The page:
SBRT with the CyberKnife was very successful in four cases of primary and metastatic cancer in the cervix. Only Case 3 had local recurrence due to intentional small prescription dose considering her history of previous radiation therapy and laser treatment. After the second SRBT, she developed rectal-vaginal fistula. Since she was an elderly patient with a lengthy disease history of 18 years plus with multiple radiation and laser treatments, such complication or relapse was inevitable.

The prescription dose and treatment plan for CyberKnife treatment were determined considering multiple factors, such as tumor volume, the number of fraction, collimator size, D95 isodose, previous radiation therapies, and critical consideration of adjacent organs. The radiation doses were calculated as 2-Gy equivalent doses using the linear quadratic model with α/βratio of 3 Gy for bladder and rectum and α/βratio of 10 Gy for the tumor. Using α/βratio of 10 Gy, the prescription doses of Case 1 to 5 were roughly 54 Gy, 56 Gy, 26 Gy, 50 Gy, and 40 Gy, respectively. Thus, we used small dose for the first SBRT of Case 3, but the dose for the second SBRT was much larger (calculated to 50 Gy using α/βratio of 10Gy), which led to Grade 4 radiation toxicity. Even with the CyberKnife, it was still difficult to treat the cases with previous and multiple radiation therapies.

Pelvic cancer, irrelevant of primary, recurrent or metastasis, is difficult to treat. Gill, et al. reported that after controlling for significant factors from survival analyses, IMRT or SBRT boost resulted in inferior overall survival (hazard ratio, 1.86; 95% confidence interval, 1.35-2.55; P<.01) as compared with brachytherapy [3]. However, several studies have reported good results with SBRT [4-8]. Guckenberger, et al. reported 19 cases of recurrent cervical cancer or endometrial cancer had 81% local control in three years and 59% Median survival in two years with SBRT [7]. Deodato, et al. reported SBRT in recurrent gynecological cancer reached CR in 66 % of the cases and overall survival in two years was 63.6% [8]. Dewas, et al. reported that SBRT with the CyberKnife provided a short and well-tolerated treatment for lateral pelvic recurrences in previously irradiated areas irrelevant of the history of the primary cancer [9]. These studies showed that SBRT is in fact a favorable alternative treatment for pelvic cancer.

Hasan, et al. compared CyberKnife treatment for recurrent gynecological malignancies in the central pelvis, pelvic sidewall, and para-aortic lymph node lesions, and reported that local control and prognosis were poor in the central pelvis [10]. Although this was a small study with 30 patients, it demonstrated that tumors in the central pelvis (such as cervical cancer) are difficult to treat even with the CyberKnife.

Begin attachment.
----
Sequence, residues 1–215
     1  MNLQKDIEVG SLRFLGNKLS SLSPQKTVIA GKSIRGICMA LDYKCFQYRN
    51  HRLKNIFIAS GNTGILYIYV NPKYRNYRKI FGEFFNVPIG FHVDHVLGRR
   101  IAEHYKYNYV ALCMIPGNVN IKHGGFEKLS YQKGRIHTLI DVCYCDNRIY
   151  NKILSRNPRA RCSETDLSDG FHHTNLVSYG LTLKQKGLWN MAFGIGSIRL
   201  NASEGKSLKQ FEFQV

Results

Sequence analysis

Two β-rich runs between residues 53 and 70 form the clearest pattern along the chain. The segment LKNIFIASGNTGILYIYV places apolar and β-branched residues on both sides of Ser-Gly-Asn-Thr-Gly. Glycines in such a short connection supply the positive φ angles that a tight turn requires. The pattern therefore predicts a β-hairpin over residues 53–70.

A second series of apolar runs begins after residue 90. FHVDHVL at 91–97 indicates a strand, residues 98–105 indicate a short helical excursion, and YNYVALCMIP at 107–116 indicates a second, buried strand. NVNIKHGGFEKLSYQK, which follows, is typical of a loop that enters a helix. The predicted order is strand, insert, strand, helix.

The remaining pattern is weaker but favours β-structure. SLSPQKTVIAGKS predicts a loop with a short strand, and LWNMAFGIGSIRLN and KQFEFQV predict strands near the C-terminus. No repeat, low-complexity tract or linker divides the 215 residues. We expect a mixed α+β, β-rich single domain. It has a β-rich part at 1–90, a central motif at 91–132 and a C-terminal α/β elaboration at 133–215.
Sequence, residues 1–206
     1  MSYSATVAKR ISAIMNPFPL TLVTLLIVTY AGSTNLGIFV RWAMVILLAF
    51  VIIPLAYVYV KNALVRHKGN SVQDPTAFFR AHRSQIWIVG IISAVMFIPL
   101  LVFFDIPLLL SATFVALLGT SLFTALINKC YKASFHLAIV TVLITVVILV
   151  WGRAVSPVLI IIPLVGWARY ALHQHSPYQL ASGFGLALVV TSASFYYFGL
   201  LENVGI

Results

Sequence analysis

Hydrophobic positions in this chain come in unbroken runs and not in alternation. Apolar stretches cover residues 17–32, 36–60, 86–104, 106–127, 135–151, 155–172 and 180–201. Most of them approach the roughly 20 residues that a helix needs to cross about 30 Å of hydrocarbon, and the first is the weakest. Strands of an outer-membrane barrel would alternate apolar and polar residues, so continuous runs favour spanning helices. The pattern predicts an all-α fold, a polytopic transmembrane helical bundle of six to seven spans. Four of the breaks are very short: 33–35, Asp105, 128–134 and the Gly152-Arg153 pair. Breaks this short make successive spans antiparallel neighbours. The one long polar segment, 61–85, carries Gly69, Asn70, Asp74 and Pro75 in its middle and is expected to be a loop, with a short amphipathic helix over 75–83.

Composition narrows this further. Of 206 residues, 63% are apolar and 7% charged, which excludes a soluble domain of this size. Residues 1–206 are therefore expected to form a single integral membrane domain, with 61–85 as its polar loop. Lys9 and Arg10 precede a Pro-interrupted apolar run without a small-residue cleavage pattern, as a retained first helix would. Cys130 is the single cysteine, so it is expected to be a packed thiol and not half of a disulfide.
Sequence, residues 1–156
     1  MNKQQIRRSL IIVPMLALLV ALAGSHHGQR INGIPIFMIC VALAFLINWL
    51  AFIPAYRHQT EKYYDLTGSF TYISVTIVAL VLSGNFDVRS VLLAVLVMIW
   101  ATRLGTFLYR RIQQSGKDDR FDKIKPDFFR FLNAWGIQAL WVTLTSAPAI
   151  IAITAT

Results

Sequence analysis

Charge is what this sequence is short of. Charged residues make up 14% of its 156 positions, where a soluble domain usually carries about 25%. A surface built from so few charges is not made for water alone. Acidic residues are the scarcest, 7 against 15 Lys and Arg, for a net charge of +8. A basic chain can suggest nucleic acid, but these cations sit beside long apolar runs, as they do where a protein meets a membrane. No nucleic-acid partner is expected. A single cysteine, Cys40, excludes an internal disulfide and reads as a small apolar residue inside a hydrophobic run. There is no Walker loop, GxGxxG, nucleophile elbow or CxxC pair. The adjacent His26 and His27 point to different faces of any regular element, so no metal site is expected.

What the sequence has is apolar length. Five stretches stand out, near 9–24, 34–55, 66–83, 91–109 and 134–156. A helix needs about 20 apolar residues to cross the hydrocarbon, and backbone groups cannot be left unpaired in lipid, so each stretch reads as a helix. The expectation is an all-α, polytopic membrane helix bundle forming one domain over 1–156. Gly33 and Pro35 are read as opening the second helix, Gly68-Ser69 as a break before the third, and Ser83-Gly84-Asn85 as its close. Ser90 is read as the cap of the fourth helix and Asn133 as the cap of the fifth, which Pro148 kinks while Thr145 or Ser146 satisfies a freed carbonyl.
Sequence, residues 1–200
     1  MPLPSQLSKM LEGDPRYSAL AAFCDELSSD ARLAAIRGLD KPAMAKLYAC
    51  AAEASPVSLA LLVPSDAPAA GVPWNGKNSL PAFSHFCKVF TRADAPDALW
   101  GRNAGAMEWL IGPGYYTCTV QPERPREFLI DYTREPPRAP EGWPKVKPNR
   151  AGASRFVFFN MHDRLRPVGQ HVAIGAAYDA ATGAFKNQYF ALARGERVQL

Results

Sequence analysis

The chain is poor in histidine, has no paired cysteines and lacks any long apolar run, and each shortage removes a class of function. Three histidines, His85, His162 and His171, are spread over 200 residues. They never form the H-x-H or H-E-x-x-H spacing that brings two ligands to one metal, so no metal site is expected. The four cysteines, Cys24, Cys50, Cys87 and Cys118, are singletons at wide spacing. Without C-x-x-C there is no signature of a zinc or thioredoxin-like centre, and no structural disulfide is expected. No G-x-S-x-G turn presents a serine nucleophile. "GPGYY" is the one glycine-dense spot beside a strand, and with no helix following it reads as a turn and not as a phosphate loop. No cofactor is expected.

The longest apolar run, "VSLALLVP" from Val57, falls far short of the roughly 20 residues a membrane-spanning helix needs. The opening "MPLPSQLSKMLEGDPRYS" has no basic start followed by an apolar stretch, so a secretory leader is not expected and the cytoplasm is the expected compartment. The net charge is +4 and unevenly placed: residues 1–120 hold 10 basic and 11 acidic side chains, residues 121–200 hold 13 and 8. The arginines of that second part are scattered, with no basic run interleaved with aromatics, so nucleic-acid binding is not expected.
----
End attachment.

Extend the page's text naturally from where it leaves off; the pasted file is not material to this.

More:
In the literature there are two ways to use the CyberKnife to treat cancer in the cervix: to utilize the CyberKnife in place of BT as a boost after EBRT [11-13], or to use the CyberKnife alone [10]. However, it is standard practice to implant three or four gold fiducial markers for tracking the tumor, which is invasive and oftentimes intolerable for the patients. Muacevic, et al. reported that fiducial-free spinal tracking of the lower lumbar vertebrae is a feasible, accurate, and reliable tool for radiosurgery of sacral and pelvic tumors [4]. We followed Muacevic’s procedure to treat the cancer in the cervix, and the results were satisfactory during the follow-up period. It is thus demonstrated far more sensible to use the CyberKnife without invasive procedures such as with BT or fiducial implantation, as the advantage of the CyberKnife is plain and simply its non-invasiveness.

In our study, the CyberKnife was used for SBRT to treat tumor in the cervix without EBRT and without implanting any fiducial marker, and obtained favorable results with less toxicity. A far simpler, far shorter, and fully non-invasive treatment was demonstrated to be feasible with the CyberKnife. The efficacy and toxicity need to be evaluated over the long term, but the CyberKnife is demonstrated a favorable treatment option for patients who cannot tolerate standard invasive therapy.


CyberKnife stereotactic radiosurgery was shown successful in primary and metastatic cancer in the cervix. It thus provided non-invasive treatment with excellent local control and minimal toxicity.


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Original article

CyberKnife Stereotactic Radiosurgery for Primary and Metastatic Cancer in the Cervix

Author Information

Yuko Harada Corresponding Author

Internal Medicine, Yamato Tokushukai Hospital, Yamato, JPN

Shinichiro Miyazaki

Radiation Oncology, Shin-yurigaoka General Hospital, kawasaki, JPN

Ethics Statement and Conflict of Interest Disclosures

Human subjects: Consent was obtained by all participants in this study. Animal subjects: All authors have confirmed that this study did not involve animal subjects or tissue. Conflicts of interest: In compliance with the ICMJE uniform disclosure form, all authors declare the following: Payment/services info: All authors have declared that no financial support was received from any organization for the submitted work. Financial relationships: All authors have declared that they have no financial relationships at present or within the previous three years with any organizations that might have an interest in the submitted work. Other relationships: All authors have declared that there are no other relationships or activities that could appear to have influenced the submitted work.

Original article

CyberKnife Stereotactic Radiosurgery for Primary and Metastatic Cancer in the Cervix